Essential Oils For Arthritis
What Is Arthritis?
Arthritis is a common condition that causes joint pain. It is not, however, a single disease. There are actually over 100 kinds of arthritis and related disorders. They all have similar symptoms affecting the joints such as stiffness, swelling, pain, and decreased mobility. Arthritis can range from mild to severe.
Osteoarthritis or degenerative arthritis is the most common type. It most commonly affects older people or patients who have injured a given joint. In osteoarthritis, the cartilage cushioning the ends of the bones gradually wears away, so the bones start to rub against each other.
Inflammatory arthritis describes the types of arthritis caused by an autoimmune disorder. Common examples include rheumatoid arthritis and psoriatic arthritis.
In metabolic arthritis, which is more commonly known as gout, the patient’s blood contains too much uric acid. As the uric acid accumulates, it can form needle-like crystals in the joint and cause excruciating pain. Other types of arthritis can be caused by a viral, fungal or bacterial infection.
Essential oils can help arthritis patients by either relieving the pain or the associated stress. In the latter case, the patient often uses aromatherapy. To treat arthritis pain, you should dilute the essential oil with a carrier oil like coconut oil and apply it to the affected joint. In many cases, you will use one ounce of carrier oil for every 12 drops of essential oil. Examples of commonly used carrier oils include the following:
- Olive oil
- Jojoba oil
- Coconut oil
- Almond oil
Essential Oils For Arthritis
1. Turmeric Essential Oil
Turmeric essential oil is made from the plant of the same name, which has the scientific name Curcuma longa and is a member of the ginger family. In 2010, the “Journal of Agricultural and Food Chemistry” described a study in which scientists induced arthritis in rats by injecting them with Streptococcus pyogenes bacteria. They then treated the rats with injections of turmeric oil.(1)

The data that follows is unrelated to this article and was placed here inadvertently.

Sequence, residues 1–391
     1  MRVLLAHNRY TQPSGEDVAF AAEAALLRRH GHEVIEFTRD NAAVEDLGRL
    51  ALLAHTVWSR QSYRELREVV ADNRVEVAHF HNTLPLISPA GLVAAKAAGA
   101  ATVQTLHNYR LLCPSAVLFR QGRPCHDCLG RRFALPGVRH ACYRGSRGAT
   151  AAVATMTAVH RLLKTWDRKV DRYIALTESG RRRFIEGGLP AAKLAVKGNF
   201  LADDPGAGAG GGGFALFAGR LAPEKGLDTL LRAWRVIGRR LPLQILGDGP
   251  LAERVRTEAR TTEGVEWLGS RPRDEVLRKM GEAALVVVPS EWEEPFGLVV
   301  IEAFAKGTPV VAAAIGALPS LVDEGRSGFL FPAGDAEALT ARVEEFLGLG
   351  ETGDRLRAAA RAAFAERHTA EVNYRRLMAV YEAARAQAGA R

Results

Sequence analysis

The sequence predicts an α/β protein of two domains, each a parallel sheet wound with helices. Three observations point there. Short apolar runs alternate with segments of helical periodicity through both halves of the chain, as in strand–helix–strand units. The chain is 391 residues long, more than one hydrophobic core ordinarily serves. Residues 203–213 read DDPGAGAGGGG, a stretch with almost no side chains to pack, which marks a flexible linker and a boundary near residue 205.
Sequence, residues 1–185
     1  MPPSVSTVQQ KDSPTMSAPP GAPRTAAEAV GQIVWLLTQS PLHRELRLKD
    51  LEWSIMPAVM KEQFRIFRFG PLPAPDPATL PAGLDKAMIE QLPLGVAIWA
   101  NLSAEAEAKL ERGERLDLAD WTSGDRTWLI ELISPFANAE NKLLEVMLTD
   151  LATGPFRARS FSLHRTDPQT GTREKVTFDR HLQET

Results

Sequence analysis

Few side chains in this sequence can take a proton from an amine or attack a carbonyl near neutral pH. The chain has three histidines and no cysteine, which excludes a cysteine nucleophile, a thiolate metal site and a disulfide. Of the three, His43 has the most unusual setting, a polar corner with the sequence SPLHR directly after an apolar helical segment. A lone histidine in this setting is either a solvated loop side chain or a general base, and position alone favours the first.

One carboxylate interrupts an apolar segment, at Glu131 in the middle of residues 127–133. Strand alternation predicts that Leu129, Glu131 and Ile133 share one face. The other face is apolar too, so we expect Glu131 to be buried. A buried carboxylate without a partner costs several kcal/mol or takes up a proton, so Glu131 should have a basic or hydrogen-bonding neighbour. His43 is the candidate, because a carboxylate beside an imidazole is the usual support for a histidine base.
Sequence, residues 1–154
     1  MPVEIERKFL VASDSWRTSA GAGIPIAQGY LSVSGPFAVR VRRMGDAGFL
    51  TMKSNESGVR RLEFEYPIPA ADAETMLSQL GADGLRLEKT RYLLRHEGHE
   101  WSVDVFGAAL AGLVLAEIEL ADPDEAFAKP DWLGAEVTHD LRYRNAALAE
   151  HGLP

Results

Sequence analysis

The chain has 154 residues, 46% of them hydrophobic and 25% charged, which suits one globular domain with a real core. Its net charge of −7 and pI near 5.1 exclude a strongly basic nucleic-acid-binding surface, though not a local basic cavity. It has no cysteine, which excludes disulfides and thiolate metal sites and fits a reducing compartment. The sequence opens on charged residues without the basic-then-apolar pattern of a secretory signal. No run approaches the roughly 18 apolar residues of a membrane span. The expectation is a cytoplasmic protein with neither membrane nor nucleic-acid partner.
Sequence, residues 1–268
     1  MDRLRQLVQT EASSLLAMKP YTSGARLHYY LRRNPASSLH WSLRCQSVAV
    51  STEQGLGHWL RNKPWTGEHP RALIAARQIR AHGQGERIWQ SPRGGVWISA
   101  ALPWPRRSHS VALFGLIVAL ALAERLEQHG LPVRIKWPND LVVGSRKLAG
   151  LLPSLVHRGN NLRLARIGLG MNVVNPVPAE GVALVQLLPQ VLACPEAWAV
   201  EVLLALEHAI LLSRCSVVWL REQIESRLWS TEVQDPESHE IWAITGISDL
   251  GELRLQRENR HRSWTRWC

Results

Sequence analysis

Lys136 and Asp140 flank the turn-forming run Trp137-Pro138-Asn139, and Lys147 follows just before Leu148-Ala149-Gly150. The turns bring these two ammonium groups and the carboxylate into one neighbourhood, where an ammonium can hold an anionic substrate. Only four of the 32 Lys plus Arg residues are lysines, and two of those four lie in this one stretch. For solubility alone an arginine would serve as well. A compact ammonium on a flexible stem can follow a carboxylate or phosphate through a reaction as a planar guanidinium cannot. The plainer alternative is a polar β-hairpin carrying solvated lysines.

The scientists found that if they injected the rats with turmeric oil before injecting them with bacteria, the oil prevented them from developing swollen joints in about 95 to 100 percent of cases. Even if the scientists waited until after the rats’ acute joint inflammation had peaked, the turmeric oil showed an effectiveness of about 64 percent in relieving it.
Turmeric contains a compound called curcumin that is an anti-inflammatory and can thus be used to treat an inflammatory arthritis like rheumatoid arthritis. An arthritis patient may either use aromatherapy or apply diluted turmeric directly on the affected joint.
One treatment involves mixing turmeric oil with paraffin wax to make a salve:
- 250 mg of paraffin wax
- 25 drops of turmeric oil
Put the wax in a beaker. Fill a deep pan with water hand heat it but keep it below boiling. Use a tong to hold the beaker on the water’s surface so it will slowly heat up. Add the turmeric oil after the wax has melted. Slowly shake the beaker in a circular motion until the oil and wax mix. Apply the salve to the joint.
Ginger oil comes from the plant of the same name, which is known by the scientific name, Zingiber officinale. Ginger oil is a pain reliever and anti-inflammatory that can be used to treat osteoarthritis and rheumatoid arthritis.